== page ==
40 (7.5%) severely disabled children were excluded. Among those 471 eligible, the lost to follow-up group (169 (36%)) paralleled those 302 (64%) included in the study. The mean gestational age was 26.2 (±0.8), birth weight was 879 (±181) g and the mean age was 8.4 (±0.87) years. 48% of participants had minor or moderate cognitive disabilities based on their Full-Scale Index Quotient. Working memory, attention and mental flexibility scored as low-average. Except for family relationships, the EPT QoL VSP-A and Kidscreen 10 assessment were significantly lower based on the children's and parent's perspectives. Children reported the most significant QoL decline as (1) friends' relationships, (2) self-esteem and (3) leisure, while parents indicated (1) psychological well-being, (2) schoolwork and (3) vitality.

Conclusion

The QoL of a school-age EPT child without severe impairment was lower relative to a reference population from both the parents' and child's points of view. This evaluation should help to better understand the long-term outcomes and to provide better support for them and their families.

Trial registration number

NCT01675726, pre-results.



Air pollution and autism

It's clear that genetics plays a major role in the aetiology of autistic spectrum disorder (ASD), but the genuine increase in prevalence over recent decades suggests that environmental factors are also responsible. If ASD is considered to be a neurodevelopmental disorder, rather than a social construct, then antenatal influences during early brain development may be important. Potential prenatal causes suggested thus far are many and varied, including paracetamol (Archivist Oct 2016 doi.org/10.1136/archdischild-2016–3 11 708), antidepressant drugs (Archivist March 2016 doi.org/10.1136/archdischild-2016–3 10 462), ultrasound (Archivist Sept 2018 doi.org/10.1136/archdischild-2018–3 15 816), season of conception (Lucina Dec 2016 doi.org/10.1136/archdischild-2016–3 12 102), and obesity, among many others.

Several studies have hinted at a link with maternal air pollution exposure, but these have been inconsistent or inconclusive. ASD definitions have been imprecise, exposure indicators not sufficiently localised, and types of pollution lumped together. Importantly, confounding factors need to be accounted for, as families with the highest psychosocial risks for autism may tend...




Highlights from this issue

In Kipling's seminal novel 'Kim', the central premise (literal and metaphorical) is the wresting for power in fin de (19th) siècle South Asia. This attritional confrontation became popularly known as the Great Game and, though ostensibly a children's book, is really more complex. At its core, it is an examination of conflict at multiple levels, part of course of the 'human condition'. The book, is as apposite now as it was in the Bombay and Kabul of Kipling's youth and the theme underpins several of this month's broad ranging papers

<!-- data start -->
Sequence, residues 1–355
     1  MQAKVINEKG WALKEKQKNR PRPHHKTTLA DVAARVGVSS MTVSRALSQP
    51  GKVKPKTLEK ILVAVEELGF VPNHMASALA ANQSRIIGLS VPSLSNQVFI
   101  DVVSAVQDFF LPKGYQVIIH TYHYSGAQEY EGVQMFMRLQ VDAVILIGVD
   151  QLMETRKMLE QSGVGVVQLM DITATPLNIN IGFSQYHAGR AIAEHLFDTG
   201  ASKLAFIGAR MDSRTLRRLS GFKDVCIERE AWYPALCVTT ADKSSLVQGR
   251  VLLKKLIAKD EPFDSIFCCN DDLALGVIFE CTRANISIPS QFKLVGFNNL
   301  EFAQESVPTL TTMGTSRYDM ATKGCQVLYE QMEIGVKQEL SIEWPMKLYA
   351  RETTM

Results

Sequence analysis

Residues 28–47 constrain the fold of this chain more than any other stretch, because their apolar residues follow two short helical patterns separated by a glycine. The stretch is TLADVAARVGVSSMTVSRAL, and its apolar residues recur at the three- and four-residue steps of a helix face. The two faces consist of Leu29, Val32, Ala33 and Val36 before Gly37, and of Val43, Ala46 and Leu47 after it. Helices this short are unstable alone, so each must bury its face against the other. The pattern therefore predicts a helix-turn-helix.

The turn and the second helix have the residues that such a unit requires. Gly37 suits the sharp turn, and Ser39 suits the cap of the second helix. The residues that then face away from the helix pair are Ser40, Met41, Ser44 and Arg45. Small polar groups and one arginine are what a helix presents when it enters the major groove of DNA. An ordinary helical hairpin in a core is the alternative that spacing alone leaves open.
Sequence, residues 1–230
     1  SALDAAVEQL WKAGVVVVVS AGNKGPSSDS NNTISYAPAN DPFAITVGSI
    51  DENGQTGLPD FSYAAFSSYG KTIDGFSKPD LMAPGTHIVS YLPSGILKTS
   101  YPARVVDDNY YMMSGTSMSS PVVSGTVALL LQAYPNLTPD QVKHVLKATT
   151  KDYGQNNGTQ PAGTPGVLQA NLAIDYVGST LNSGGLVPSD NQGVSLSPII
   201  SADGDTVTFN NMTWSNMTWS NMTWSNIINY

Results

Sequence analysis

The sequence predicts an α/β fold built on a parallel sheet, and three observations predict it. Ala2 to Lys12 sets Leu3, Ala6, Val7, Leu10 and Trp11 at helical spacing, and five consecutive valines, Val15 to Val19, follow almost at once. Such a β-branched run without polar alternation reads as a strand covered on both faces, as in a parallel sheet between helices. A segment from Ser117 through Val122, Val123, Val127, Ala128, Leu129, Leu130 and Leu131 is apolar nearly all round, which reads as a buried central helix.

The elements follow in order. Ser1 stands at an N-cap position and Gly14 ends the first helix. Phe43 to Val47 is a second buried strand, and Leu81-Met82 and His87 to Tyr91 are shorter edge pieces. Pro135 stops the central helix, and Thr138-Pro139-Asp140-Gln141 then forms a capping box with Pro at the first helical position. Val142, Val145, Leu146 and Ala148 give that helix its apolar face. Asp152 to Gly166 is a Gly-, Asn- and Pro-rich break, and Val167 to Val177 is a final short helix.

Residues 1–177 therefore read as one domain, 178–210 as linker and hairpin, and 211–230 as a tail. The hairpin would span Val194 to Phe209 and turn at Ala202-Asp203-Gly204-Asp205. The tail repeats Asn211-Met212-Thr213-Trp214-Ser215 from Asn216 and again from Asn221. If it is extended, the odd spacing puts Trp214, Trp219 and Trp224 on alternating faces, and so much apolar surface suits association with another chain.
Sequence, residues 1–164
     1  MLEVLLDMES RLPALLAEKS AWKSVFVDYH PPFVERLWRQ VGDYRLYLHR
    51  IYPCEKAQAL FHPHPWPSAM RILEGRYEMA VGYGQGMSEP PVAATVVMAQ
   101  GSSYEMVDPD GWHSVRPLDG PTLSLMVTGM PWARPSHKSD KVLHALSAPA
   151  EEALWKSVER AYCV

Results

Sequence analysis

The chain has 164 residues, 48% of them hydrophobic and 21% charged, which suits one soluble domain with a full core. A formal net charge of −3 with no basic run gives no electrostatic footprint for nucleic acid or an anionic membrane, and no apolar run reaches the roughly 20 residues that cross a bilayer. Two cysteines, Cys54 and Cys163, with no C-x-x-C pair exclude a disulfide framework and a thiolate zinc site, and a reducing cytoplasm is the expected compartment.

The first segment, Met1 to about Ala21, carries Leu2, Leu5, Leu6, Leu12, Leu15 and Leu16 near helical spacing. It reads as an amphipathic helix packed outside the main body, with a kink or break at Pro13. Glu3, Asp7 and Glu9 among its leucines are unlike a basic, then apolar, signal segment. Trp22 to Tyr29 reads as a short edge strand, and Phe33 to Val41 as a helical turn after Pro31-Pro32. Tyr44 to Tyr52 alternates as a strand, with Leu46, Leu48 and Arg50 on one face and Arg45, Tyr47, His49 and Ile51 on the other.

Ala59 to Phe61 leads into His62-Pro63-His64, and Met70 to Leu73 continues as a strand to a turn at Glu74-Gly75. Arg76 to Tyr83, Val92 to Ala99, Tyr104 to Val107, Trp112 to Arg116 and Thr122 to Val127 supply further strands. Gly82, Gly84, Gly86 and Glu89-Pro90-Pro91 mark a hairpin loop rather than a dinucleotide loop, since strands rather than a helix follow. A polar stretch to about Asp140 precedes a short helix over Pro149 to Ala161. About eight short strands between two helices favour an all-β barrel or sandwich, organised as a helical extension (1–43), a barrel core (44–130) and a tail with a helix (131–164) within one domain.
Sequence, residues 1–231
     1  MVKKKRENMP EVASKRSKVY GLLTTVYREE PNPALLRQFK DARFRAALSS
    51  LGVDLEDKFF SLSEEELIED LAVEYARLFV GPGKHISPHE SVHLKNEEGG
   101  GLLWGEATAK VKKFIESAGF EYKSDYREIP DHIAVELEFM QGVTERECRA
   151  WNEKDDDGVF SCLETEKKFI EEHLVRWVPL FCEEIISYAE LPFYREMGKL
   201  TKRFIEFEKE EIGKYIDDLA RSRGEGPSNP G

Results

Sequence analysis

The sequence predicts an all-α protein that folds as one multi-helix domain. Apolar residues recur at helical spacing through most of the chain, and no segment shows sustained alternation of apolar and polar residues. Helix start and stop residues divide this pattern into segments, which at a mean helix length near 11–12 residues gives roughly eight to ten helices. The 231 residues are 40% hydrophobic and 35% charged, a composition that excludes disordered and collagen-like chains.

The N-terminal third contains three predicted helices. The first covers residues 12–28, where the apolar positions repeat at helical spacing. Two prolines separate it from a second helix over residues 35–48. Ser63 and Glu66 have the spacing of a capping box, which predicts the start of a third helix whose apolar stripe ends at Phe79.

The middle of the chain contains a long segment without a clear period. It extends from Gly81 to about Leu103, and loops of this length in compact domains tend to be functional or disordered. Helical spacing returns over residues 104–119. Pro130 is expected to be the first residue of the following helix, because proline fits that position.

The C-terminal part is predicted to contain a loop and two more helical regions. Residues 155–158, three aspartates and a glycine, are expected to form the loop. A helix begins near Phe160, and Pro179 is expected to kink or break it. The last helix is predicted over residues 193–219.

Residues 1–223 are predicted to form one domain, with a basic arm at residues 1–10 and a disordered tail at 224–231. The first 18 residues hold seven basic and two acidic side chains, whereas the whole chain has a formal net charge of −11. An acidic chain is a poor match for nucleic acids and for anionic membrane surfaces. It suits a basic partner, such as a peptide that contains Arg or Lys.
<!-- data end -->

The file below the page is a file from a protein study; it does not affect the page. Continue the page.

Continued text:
Disaster preparedness

Though one might debate the relative contributions to the change, no one would refute the fact that, as starkly highlighted by the global terrorism index, the world is becoming less stable. Though human beings may always have had this propensity, technological changes have altered the means of expressing this phenotype on both a personal and national scale....



Conflict, candour and reflection

There are many challenges to practising medicine well, not least keeping up to date with medical advances, implementing them within the time and financial restraints of ever expanding healthcare and avoiding over or under treatment while keeping the patient safe and avoiding criticism or complaints. In essence, considering the 'whole patient' and managing them using our knowledge, skills and experience which no longer equates to just the medical facts with increased recognition that skills like 'openness', 'listening', 'transparency' and enhanced communication are partly acquired by experience but can also be facilitated by training, mentoring and working in a positive and supportive environment. Multiple new areas of thinking have emerged as priorities—conflict resolution training, the duty of candour, learning from excellence, the need to reflect and active consideration of well being for ourselves, our patients and their families. These concepts need to be embraced as they will help facilitate us...



Quality of life after extremely preterm birth

Gire et al examine the quality of life (QoL) of French primary school-age children born extremely preterm (EP), without disabilities.1 EP birth is usually defined as birth <28 completed weeks' pregnancy, and accounts for <1% of all births, and about 5% of all preterm births. Most children born preterm are moderate to late preterm. However, children born EP have been followed up in international cohort studies for many years, and are well recognised as being at high risk of mortality, morbidity and adverse long-term neurodevelopmental and metabolic outcomes. As these children grow into adulthood, a rich body of literature is emerging, describing their self-reported and observer-reported QoL: an important adjunct to the medical and psychological outcome measures that are deemed important by clinicians and researchers.